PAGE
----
For Sir Peter Westmacott, the British ambassador to the United States, the legacy of Sir Winston Churchill is far greater than his renowned leadership during World War II.
As Britain’s prime minister during those dark years, Churchill’s bravery stands as an example for current leaders around the world, the ambassador said.
“This was a man who was not frightened of telling the truth when he saw something that was a threat to our societies,’’ Westmacott said during an interview Friday while in St. Louis at Washington University. “He was brave enough to confront realities that were inconvenient and uncomfortable.”
Westmacott recalled how Churchill was alone among world leaders in the 1930s in publicly warning about the threat posed by German Chancellor Adolph Hitler and the Nazis.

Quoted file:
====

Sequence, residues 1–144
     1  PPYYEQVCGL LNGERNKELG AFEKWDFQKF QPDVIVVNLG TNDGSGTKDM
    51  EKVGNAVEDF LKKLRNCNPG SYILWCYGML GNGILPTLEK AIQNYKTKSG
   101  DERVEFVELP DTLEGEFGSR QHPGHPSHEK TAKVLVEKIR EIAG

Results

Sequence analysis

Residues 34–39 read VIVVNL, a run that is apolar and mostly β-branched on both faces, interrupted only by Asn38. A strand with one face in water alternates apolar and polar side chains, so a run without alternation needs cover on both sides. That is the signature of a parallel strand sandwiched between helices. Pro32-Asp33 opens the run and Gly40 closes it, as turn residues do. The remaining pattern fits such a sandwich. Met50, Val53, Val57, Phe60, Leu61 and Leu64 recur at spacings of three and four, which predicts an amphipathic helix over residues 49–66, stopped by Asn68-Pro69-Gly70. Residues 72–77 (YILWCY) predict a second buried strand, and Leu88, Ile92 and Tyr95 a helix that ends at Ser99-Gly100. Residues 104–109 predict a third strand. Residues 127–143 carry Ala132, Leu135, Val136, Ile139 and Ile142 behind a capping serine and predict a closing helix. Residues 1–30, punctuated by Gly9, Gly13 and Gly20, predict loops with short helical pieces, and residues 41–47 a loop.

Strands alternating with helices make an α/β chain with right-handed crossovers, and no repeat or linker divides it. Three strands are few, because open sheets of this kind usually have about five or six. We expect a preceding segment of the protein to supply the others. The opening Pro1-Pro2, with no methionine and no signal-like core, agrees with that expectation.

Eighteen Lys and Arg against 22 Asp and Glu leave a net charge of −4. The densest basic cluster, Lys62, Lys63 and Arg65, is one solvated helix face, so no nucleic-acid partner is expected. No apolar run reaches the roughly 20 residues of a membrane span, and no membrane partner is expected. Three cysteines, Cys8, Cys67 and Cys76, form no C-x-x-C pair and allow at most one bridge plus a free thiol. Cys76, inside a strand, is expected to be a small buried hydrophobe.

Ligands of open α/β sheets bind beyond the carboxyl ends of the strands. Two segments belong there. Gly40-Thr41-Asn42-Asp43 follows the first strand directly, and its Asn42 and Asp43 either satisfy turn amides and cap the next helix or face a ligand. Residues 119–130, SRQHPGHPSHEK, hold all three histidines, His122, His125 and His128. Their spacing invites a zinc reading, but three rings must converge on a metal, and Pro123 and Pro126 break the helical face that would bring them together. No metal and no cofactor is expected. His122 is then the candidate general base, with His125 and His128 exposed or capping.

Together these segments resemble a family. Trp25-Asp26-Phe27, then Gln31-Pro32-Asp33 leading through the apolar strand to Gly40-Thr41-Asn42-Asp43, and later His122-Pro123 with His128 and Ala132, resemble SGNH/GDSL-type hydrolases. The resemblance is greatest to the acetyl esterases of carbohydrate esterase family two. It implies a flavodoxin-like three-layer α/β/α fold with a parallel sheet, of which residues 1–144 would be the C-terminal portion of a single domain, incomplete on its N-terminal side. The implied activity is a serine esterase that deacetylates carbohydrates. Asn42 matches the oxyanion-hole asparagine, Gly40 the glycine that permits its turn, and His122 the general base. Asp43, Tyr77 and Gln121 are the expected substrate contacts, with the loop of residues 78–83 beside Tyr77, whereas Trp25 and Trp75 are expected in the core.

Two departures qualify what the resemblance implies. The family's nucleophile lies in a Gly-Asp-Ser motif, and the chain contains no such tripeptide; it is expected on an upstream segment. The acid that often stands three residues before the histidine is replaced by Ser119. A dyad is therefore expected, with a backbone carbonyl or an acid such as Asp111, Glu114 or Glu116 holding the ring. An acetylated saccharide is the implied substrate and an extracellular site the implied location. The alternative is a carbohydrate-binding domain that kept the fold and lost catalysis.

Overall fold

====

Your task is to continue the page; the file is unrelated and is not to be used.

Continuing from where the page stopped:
Churchill “is seen to be someone who bucks the trend and led a government that stood alone against evil at a time when everybody else was saying, ‘It’s too difficult,’ ‘Leave me out of it,’ or ‘Let’s settle with the bad guy.’ “
Westmacott is in Missouri this weekend to participate in ceremonies Saturday at the National Churchill Museum in Fulton. The event marks the 50th anniversary of the death of Sir Winston Churchill. Churchill was Britain’s prime minister during World War II.
Missouri Gov. Jay Nixon and Churchill’s great-grandson are among those expected to attend the service.
The trip marks Westmacott’s first visit to Missouri and to St. Louis during his three years as ambassador. He’s based in Washington.
Westmacott recalled that Churchill was a strong advocate of close ties with the United States during World War II and throughout his retirement. “He became absolutely convinced that the United States was essential’’ to world peace, the ambassador said.
When Churchill left office, the ambassador recalled, he told British leaders, “Never be separated from America.”